Mays Business School, August 5th, 2019
EDITOR’S NOTE: The Professional MBA Program at Mays, Class of 2020, is visiting Jakarta, Indonesia and Singapore on the annual International Field Trip, a part of the program’s International Business Policy course. The itinerary runs Friday, July 25 to Saturday, August 3 with 47 students, Arvind Mahajan, Ph.D., Associate Dean for Graduate Programs, and Mike Alexander, Director of the Professional MBA program, attending. Stay tuned for additional segments to their journey, told from the perspective of a student.
Read Part I of Unknown in Asia, here
Heading into the unknown of Asia, I think one thing that was also largely unknown was just how long our flight would be – it is the longest flight that I have ever been on and it felt that long, too. One redeeming part of it, though, was the time it allowed me to get up and talk to fellow classmates. On the first leg of the flight I got to spend some time with Mike [Alexander] talking about traveling and I got to hear some of his stories from his time with the Professional MBA program.
We landed in Jakarta and it was an eye-opening experience. There are so many people in this city, traffic is crazy, and there was a blatant disparity in the nice buildings and the poor areas. There was seemingly no in-between. It made me grateful for my life and the opportunities I have at home. We made our way to a welcome dinner where they eased us into local cuisine, and we all fought off jetlag.
Our first full day was spent on a “1000 Islands Tour” where we got to learn a bit about the history of where we were and see some cool, old relics of the colonization of the area. It ended with some beach time, dinner and camaraderie.
Monday, our second day in Jakarta and our first working day, was amazing. We had a chance to grasp the full spectrum of the economy where we were in Jakarta – we learned about everything from the government and business to the slums. It was a very diverse day. We heard from fantastic speakers that addressed startup culture in Indonesia, intangibles as an imperative for success in today’s business world, and how society is going cashless. We were taken on a tour of the slums and it is something that I will never forget. Seeing how the people in the slums live and then meeting all of the kids was really moving. It seems like the only way out of the Indonesian slums is to catch a lucky break, while back home, if you work hard and “demonstrate capabilities,” you can go somewhere. It really makes you think of all those times you complain about something not going right and how insignificant that really is.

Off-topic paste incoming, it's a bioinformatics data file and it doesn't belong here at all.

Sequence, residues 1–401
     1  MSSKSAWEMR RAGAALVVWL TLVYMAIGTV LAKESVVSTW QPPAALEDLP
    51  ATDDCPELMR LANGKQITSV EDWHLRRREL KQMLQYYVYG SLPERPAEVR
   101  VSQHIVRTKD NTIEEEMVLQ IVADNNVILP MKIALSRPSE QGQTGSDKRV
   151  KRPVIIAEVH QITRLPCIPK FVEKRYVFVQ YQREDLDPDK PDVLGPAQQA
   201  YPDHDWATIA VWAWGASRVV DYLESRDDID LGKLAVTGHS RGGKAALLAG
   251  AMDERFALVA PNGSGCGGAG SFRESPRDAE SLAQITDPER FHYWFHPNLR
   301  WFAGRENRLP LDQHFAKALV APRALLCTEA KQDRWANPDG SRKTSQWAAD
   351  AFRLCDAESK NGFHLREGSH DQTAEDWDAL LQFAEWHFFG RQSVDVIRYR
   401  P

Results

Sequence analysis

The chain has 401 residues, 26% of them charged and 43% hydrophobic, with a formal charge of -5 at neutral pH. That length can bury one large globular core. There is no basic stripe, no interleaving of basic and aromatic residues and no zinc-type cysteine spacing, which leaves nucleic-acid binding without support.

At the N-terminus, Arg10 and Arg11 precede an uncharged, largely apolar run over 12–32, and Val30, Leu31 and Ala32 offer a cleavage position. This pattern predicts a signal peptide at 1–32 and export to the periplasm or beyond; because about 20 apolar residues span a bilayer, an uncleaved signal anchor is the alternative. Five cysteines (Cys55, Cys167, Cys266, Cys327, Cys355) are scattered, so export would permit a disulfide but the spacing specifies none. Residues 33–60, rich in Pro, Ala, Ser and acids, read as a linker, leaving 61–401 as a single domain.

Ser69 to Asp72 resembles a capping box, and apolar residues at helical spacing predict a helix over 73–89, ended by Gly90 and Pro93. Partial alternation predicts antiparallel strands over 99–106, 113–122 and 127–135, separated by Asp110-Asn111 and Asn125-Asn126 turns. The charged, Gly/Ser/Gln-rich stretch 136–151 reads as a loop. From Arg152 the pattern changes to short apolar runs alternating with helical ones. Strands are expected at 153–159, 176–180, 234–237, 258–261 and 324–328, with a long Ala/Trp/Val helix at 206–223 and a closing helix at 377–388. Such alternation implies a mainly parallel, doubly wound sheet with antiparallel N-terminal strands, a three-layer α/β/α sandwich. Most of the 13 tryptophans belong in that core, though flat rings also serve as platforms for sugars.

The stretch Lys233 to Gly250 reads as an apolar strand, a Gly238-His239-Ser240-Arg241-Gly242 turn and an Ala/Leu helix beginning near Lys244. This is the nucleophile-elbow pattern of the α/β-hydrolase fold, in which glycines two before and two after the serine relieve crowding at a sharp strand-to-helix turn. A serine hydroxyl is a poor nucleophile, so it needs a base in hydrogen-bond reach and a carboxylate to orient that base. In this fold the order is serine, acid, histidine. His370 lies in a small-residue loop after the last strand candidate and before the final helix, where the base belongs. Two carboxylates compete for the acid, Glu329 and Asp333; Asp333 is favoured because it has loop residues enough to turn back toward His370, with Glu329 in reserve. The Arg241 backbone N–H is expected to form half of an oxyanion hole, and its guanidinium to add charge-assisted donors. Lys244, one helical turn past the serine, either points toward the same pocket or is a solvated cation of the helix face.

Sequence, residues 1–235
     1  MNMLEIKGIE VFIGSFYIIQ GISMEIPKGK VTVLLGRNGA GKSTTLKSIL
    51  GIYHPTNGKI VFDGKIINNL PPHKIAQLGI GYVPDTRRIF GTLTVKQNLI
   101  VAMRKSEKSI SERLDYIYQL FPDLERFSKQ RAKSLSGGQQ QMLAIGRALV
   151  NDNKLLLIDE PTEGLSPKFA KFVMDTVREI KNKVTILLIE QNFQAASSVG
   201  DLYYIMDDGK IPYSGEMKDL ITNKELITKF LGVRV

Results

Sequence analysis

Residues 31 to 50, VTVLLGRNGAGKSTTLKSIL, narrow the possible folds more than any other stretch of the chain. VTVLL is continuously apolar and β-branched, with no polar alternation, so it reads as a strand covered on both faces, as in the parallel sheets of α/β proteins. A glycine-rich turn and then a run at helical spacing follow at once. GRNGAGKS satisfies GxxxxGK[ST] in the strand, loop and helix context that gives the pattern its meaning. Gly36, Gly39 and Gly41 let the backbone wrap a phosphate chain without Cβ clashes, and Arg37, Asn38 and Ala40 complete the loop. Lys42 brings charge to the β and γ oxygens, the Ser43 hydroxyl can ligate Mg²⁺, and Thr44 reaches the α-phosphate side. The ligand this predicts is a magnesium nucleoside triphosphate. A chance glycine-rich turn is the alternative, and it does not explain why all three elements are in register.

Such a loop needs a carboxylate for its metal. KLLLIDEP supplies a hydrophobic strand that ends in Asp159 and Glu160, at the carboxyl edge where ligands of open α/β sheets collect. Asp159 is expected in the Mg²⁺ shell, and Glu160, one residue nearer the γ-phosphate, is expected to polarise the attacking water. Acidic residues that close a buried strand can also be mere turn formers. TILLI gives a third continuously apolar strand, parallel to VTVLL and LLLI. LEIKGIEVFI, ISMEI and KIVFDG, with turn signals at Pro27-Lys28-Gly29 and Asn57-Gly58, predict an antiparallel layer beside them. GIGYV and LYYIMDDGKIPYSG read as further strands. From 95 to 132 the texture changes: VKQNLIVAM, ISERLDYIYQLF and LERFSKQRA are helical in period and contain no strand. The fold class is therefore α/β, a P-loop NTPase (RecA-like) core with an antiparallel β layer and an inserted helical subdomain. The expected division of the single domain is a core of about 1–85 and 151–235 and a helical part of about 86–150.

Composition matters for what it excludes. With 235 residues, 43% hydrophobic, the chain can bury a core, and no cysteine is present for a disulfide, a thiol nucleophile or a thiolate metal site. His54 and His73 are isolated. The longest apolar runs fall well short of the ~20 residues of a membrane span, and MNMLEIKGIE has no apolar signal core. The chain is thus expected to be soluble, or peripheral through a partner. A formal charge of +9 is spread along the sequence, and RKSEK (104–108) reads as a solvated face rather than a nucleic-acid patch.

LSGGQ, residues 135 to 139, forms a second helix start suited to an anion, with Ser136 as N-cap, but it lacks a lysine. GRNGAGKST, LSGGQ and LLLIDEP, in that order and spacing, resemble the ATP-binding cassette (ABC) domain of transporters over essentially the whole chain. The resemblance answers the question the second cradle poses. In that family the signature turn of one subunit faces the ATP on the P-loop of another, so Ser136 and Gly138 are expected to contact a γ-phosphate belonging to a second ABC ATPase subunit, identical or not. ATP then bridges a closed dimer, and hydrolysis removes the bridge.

Tuesday we visited Javara and Go-Jek while participating in Batik Tuesdays – a new PMBA tradition. A Batik is the button-up shirt of Indonesia that is similar to Hawaiian shirts and can be worn to work. Some of our PMBA group had picked one up after Monday’s festivities and decided to wear them. Javara, the first company that we visited, is all about agriculture and social entrepreneurship. We were able to meet Helianti, the incredibly ambitious backbone of Javara. She showed us a presentation about how Javara is trying to revive the farming culture in Indonesia by creating pride and a sense of ownership in the industry. The way she empowers the farmers to be their own entrepreneurs is amazing. Afterward, we were able to shop all of the organic products that the farmers produce in her store and she treated us to a sustainable/organic meal that was absolutely delicious. The purple bungus tea was the star of the show, which is strange coming from a non-tea drinker. Go-Jek is a for-profit startup that revolves around utilizing technology to make society better. Go-Jek’s offices definitely put out some Silicon Valley feelings. It seemed like organized chaos with how everyone was working, and stuff was thrown on the desks. I would hate to be late to work, since the limited desk space means you are working in one of the many lounge areas. They shared a presentation that gave us insight into the company and how they got started by trying to help out the traffic with a ride share app. Now, they are giving back through Go-Life by training people in different skill sets to help them provide a better life for their families. This is a company that keeps trying to find new challenges to tackle through their services.
Tuesday culminated with an interesting and fantastic “foodie tour.” Our tour guides were patient, understanding and very knowledgeable. We were taken to 6 food stalls around the Chinatown area of Jakarta. Each of them had a signature dish or snack that we tried. Supposedly it is normal for people to come to the area and hop around to get a complete meal. My favorite was the first stop with the chicken rice dish, though it felt like that was our entire meal because they kept bringing out more and more food.
It was a fascinating few days leaning into the culture and business of Indonesia. There is a rich history, vibrant culture and great people there that I won’t soon forget. Now, onto Singapore!
Read Part I of Unknown in Asia, here